Monday, March 05, 2007

Slow week politically speaking

Well this week the New Brunswick legislature and Canadian parliament are in recess for the March Break and I am battling a bad case of the flu. I may not post much this week but I am going to try to finish up a fairly comprehensive post about the U.S. presidential election I've been working on on-and-off since late January.

Also, some discussion has erupted over at Spink About It and To Be Announced (a good blog I've been reading more often lately and you should check out) about the New Brunswick Tory bill that would allow provincial officials to opt out of marrying same-sex couples. The Tories proposed the same bill in 2005, with Liberal support, and though it passed second reading, they allowed it to die on the order paper when House business was reset with the fall 2005 throne speech. The Tories did not bother to re-introduce the measure in the 2005-2006 session of the legislature.

I was going to reserve comment on this until after the second reading debate, which won't be until next Wednesday, March 14, and will comment with more detail then but for now, here are my preliminary thoughts.

1.) The optics of Tory MLA David Alward, a devoutly religious pastor's son, introducing this bill, whose Agriculture & Fisheries critic portfolio cannot be construed to have anything to do with gay marriage, instead of the Justice critic is bad.

2.) The Liberals supported this bill in 2005 when debate was still hot on this issue about the same time the federal parliament was voting on Bill C-38 to give national recognition to the court decisions in seven provinces legalizing gay marriage. I know for a fact that at least a few cabinet ministers are uncomfortable with this and with the topic being less controversial and a new election over 4 years from now, will they still back it? It would be hard for some members of that caucus to oppose it and a free vote would all but ensure it would pass (assuming all 25 Tories voted for it) which would be pretty embarassing if a majority of the government caucus/cabinet was opposed.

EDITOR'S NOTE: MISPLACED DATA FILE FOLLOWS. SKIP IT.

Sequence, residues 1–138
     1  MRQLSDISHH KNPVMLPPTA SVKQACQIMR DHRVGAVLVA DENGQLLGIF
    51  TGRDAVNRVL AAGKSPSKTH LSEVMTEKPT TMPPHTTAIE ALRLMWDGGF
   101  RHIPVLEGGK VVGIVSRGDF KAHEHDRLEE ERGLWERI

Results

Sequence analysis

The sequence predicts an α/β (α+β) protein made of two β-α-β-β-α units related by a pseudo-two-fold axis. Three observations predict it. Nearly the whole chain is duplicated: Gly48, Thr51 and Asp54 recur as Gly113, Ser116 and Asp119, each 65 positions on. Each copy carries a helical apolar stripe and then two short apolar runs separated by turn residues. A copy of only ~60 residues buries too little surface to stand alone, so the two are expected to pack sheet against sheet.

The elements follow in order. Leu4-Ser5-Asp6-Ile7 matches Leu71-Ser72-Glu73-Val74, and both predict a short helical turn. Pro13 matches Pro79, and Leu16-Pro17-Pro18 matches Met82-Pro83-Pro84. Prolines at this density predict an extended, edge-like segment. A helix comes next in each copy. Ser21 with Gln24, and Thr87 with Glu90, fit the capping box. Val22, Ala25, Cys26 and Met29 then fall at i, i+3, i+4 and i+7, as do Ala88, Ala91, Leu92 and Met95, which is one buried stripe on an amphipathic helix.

3.) This bill is bad policy. Like it or not, same-sex marriage is the law of the land and it is the job of government officials to implement the law of the land. Period. Full stop. Spinks suggests that this is a good thing because it protects ministers from having to perform marriages, however that is not what this bill is about, religious folk are already protected by federal statute.

4.) This bill has dangerous concequences. It just says, "a person who is authorized to solemnize marriage ... may refuse to solemnize a marriage that is not in accordance with that person's religious beliefs". What if that person's religious beliefs are that interracial couples cannot get married? They are free to turn them away under this law.


One thing I forgot to mention which certainly doesn't qualify as "slow" is the Moncton East by-election tonight. The results will appear at the Elections NB site once all polls are reporting. If I can find poll-by-poll results sooner, I will post them but encourage anyone reading that may have them to post them in the comments.


Spinks said...

It would also offer another layer of protection for clergy theoretically, nbpolitico (although what weight any of that will carry the first time a church gets sued for not performing an SSM is probably iffy). Given that the federal Liberals and those supporting SSM went to great lengths to tell anyone who opposed SSM that they shouldn't be concerned because it had no impact on their we are. Alward's bill strikes a balance in my mind of providing a service for SSM and religious freedom.